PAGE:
As for the first one... well, the whole Horus/Jesus thing is a hoax. This thread is a request by someone for actual evidence... now, the thread is huge, reading it all will take more time than seeing the movie :D, but the thing is, even Acharya's attempt at one point to substantiate her claims fails flat on its face. The conclusion - even by some atheists commenting on the thread - is that the whole thing is Massey's invention, which Acharya parrots because it sells books. (Who knew Dan Brown will practically spawn a new industry, huh?)

So... still a nice movie, and I did learn a lot even from the first part. (Yes, I have long known that the Catholic Church took over a lot of pagan holidays to make Christianity easier to swallow.)

Wednesday, June 25, 2008

A few helper methods in C#

Just a few methods I find myself using in a lot of projects...

  1. public static int ConvertToInt(this string value, int def)  
  2. {  
  3.   int result;  
  4.   return Int32.TryParse(value, out result) ? result : def;  
  5. }  
  7. public static int ConvertToInt(this string value)  
  8. {  
  9.   return ConvertToInt(value, -1);  
  10. }  


  1. string s = "123";  
  2. Console.WriteLine(s.ConvertToInt());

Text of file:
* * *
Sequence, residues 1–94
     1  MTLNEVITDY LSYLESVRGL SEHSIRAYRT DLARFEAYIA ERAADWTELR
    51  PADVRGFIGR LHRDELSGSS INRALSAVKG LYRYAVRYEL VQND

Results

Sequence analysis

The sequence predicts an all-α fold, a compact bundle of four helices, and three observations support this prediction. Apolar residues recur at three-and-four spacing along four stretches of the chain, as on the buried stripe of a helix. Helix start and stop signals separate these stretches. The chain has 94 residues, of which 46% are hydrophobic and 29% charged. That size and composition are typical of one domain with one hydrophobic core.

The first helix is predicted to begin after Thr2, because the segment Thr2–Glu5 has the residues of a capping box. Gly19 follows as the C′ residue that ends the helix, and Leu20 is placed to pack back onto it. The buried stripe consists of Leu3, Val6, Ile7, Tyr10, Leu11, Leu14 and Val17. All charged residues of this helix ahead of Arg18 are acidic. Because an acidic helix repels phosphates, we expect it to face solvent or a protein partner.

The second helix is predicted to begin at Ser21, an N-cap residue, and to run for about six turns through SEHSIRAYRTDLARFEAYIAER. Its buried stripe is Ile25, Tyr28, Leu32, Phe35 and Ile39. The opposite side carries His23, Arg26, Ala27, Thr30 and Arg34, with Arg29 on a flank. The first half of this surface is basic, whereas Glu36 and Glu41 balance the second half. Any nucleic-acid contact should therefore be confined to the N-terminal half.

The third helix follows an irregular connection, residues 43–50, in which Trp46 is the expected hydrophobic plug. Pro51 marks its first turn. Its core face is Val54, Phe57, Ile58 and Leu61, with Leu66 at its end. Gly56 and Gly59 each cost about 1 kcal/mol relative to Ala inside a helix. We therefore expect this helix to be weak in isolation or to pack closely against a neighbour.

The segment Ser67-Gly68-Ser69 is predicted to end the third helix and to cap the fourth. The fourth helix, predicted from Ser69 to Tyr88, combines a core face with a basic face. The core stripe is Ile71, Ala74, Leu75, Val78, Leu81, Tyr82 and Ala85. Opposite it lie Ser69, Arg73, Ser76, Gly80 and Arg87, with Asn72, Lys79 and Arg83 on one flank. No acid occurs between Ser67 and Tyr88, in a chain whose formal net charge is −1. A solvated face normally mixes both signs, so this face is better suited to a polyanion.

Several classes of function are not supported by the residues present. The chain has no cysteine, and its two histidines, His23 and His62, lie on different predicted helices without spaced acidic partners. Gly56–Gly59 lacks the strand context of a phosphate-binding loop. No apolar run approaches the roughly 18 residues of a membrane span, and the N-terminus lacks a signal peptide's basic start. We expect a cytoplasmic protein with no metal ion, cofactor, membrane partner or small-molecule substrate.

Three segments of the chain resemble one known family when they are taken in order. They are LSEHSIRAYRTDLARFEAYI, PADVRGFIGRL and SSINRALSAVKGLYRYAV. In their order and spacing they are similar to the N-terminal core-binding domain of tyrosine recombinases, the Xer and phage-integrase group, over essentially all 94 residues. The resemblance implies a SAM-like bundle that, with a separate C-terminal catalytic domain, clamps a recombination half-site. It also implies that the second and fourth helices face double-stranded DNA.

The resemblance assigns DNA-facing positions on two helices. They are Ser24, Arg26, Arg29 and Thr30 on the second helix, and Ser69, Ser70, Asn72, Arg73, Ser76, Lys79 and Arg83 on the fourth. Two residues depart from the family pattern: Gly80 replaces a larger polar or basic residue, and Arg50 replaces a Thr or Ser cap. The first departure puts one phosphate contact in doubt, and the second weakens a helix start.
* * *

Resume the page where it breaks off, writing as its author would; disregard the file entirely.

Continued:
1. public static void ForEach<T>(this IEnumerable<T> set, Action<T> action)  
  2. {  
  3.   Debug.Assert(set != null"set");  
  4.   Debug.Assert(action != null"action");  
  6.   foreach (var item in set)  
  7.     action(item);  
  8. }  
  10. public static void ForEach(this IEnumerable set, Action<object> action)  
  11. {  
  12.   Debug.Assert(set != null"set");  
  13.   Debug.Assert(action != null"action");  
  15.   foreach (var item in set)  
  16.     action(item);  
  17. }  

I find it much more expressive to use this ForEach extension method instead of a foreach loop:

  1. list.ForEach(item => { ... do something with item ... });  

rather than

  1. foreach(var item in list)  
  2.   { ... do something with item ... }  

It's probably just a quirk of mine, but I prefer it.

  1. public static string AsXML(this object obj)  
  2. {  
  3.   if (obj == null)  
  4.     return "<NULL />";  
  6.   string str;  
  7.   Encoding utf8 = new UTF8Encoding();  
  8.   var objType = obj.GetType();  
  9.   var xmlatt = (XmlTypeAttribute) Attribute.GetCustomAttribute(objType, typeof (XmlTypeAttribute));  
  11.   using (var ms = new MemoryStream())  
  12.   using (var x = new XmlTextWriter(ms, utf8) {Formatting = Formatting.Indented})  
  13.   {  
  14.     var xs = xmlatt == null ? new XmlSerializer(objType) : new XmlSerializer(objType, xmlatt.Namespace);  
  15.     xs.Serialize(x, obj);  
  16.     str = utf8.GetString(ms.GetBuffer(), 0, (int) ms.Length);  
  17.   }  
  19.   return str;  
  20. }  
  22. public static object AsObject(this string xml, Type type)  
  23. {  
  24.   using (var sr = new StringReader(xml))  
  25.     return new XmlSerializer(type).Deserialize(sr);  
  26. }  
  28. public static T As<T>(this string xml) where T : class  
  29. {  
  30.   return xml.AsObject(typeof (T)) as T;  
  31. }  

Good when you need to (de)serialize pesky objects. Usage:

  1. MyClass x = new MyClass();  
  2. string s = x.AsXML();  
  3. x = s.As<MyClass>();